We attached the header to the top plate with screws:


We then filled in the jack studs on both side. They were attached to the king studs, bottom plate, and header with screws. The framing was now completed!


What do you think? I think it is the prettiest thing in the world. It is nice to be able to watch SNL on Slav’s monitor from the living room.


Next, the floors!

The B.L.O.W

This pallet of insulation was delivered before the New Year, and had been sitting in our garage…


…until yesterday!


Yep! We blew!


We intended to do the insulation before the New Year, but Slav has been busy with his work. In top of that, we were just swimming in small tasks in preparation for the blow. Sealing the gaps, taping the pipes, closing the missing portion on ceiling drywall, laying down Ethernet cables for future use, you name it. Most recently, we installed rafter vents as preparation for adding more insulation. It was an incredible tiring and dusty job, but we were so excited to finish it so our insulation could finally go where it should be!

We were so pumped to blow!

We got up early Saturday morning and headed to Home Depot. We ordered our insulation from their website, so even through the product was delivered directly to our door, the store honored the purchase and rent us the cellulose blower for free.



The blower came with 75 feet of hose, which was just enough for reaching the end of our attic.




The process was pretty straightforward and the instruction was posted right on the machine. An on-and-off switch turns on a set of rotating paddles, breaking insulation apart and mixing it with air. The speed of blower can be controlled by a slider on the side, which dictates how much air is pumped into the machine. One person feeds chucks of insulation into the machine from the top, and the other person holding the end of the hose to direct where to pump.


In our case, I fed the insulation and Slav went into the attic. It did take some practice to get used to this machine. First, our machine did not come with a slider, which means we were always blowing on the maximum speed. Since there is no on-and-off switch on the end of the hose, I tried to feed the machine different amount and in different speed while staying on the phone with Slav to get feedback on how things worked on his end.

I did research a bit on the blowing process, and everyone says that it is desirable to break the cellulose into very small bit, since big chucks tends to clog the machine. But in our case, I did not find it matters much, The machine comes with a 3 x 3 grid on top, and as long as the insulation chuck was small enough to fall into the machine, it got broken down by the strong moving paddles nicely.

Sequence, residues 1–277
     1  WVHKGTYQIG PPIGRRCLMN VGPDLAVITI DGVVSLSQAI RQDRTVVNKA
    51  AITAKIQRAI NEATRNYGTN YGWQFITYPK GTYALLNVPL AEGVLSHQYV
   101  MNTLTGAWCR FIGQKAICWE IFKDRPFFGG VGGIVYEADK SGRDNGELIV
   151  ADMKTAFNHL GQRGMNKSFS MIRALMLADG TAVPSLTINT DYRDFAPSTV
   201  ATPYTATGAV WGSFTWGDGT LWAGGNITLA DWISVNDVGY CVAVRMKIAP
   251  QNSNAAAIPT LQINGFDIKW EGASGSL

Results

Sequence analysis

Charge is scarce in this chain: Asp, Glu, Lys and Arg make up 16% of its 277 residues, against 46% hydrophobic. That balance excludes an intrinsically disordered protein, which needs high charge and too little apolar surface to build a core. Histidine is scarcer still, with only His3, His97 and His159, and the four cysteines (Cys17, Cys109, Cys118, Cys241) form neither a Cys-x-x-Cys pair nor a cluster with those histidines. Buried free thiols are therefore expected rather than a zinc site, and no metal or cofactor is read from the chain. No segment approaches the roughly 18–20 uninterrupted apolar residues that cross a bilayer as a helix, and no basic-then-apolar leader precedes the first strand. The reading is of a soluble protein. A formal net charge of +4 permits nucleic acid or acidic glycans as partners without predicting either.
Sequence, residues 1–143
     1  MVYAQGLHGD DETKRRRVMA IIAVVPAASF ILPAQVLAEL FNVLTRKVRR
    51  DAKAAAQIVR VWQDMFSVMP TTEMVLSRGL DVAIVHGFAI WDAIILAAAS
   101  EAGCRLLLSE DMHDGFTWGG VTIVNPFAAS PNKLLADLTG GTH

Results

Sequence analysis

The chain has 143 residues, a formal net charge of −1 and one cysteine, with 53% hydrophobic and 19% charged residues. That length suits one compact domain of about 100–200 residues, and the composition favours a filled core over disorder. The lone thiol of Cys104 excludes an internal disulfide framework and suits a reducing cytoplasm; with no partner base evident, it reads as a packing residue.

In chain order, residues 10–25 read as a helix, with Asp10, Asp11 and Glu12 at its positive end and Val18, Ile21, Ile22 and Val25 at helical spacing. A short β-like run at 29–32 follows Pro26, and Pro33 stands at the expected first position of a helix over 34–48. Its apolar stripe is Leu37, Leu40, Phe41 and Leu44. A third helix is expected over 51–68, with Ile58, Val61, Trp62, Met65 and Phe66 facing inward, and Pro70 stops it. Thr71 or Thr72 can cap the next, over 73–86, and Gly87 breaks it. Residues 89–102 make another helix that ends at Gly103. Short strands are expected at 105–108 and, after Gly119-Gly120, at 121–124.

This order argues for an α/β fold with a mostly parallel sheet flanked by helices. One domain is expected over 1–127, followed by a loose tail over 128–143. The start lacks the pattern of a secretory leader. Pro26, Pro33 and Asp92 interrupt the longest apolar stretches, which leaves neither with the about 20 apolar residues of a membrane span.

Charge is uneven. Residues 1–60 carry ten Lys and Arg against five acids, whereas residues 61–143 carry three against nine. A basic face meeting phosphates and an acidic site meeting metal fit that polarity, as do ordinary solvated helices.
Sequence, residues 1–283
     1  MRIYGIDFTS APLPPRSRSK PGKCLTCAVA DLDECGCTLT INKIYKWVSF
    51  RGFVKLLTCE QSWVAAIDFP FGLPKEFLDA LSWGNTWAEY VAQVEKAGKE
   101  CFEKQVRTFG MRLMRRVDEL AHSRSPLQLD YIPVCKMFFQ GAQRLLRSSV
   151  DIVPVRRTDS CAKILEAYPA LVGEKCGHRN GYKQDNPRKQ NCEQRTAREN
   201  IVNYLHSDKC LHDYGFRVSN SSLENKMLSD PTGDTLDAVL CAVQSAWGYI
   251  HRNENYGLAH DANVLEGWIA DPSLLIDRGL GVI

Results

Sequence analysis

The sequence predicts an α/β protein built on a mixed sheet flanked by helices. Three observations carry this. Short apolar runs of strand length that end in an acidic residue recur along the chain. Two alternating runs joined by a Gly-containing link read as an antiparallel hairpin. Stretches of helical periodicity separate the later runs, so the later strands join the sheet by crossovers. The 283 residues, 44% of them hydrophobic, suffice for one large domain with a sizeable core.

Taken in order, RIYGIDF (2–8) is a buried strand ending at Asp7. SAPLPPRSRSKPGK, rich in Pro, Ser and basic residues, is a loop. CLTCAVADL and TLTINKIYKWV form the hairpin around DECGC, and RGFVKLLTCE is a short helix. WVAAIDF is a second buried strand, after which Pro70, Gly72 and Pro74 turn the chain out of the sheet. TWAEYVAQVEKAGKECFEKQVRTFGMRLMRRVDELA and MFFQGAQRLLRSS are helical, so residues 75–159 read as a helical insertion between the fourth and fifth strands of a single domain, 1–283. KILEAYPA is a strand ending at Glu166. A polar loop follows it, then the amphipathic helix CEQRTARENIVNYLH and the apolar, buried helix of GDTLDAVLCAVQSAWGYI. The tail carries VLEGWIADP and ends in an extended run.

What mattered the most, in our experience, is the amount of the insulation one feeds each time. I started feeding 1/3 bag a time, which is about 10 pounds. It almost fills the machine, but the blower spilled out insulation like toothpaste. It did not work at all for us. We figured that too much insulation blocked air into the machine, so I started feeding much smaller chucks and it worked much better – the blower started to shoot fine insulation constantly and evenly, as it intended to.


Another problem we had at first, was unwanted spills. Due to the missing slider, insulation kept spilling out from the open slot, so I taped it over. The hose also came off a few times, resulted in a big mess in the garage:



Slav came out of the attic and use a rubber cord to hold the hose in place. We were back in business!


A couple bags insulation in, we had worked out all the wrinkles and the process started picking up the pace. I fed small chucks of insulation constantly, and Slav directed the hose while slowly backing out.


I opened six bags at a time, which should fill 4 rafters. It was very helpful to stay on the phone all the time so we could ensure that we had a good coverage.




The 36 bags quickly disappeared. In a couple hours, we had only 4 bags left and majority of the attic was covered with 11″ additional insulation (R41):


Beautiful, isn’t it?

This is what we had before, only 5 inches of loose fiberglass (R13):


And this was what we have at that point, 16″ all around:


We have tried to blow into the garage wall without much success. So we decided to add the rest four bags into the attic, because why not. Slav went back into the end of the attic to address some uneven spots.

We soon ended up with this:


16″ near the rafter vents and 18″ in the middle.


It gives us R54~R60 insulation value. The effect was immediate – our furnace hardly came on the last two nights and house became much quieter.

The garage is clean again. We could not say that about ourselves though…



We are keeping close eye on the thermostat, and will give you guys an update on how much it saves at the end of this month. Our little ranch feels really fancy now!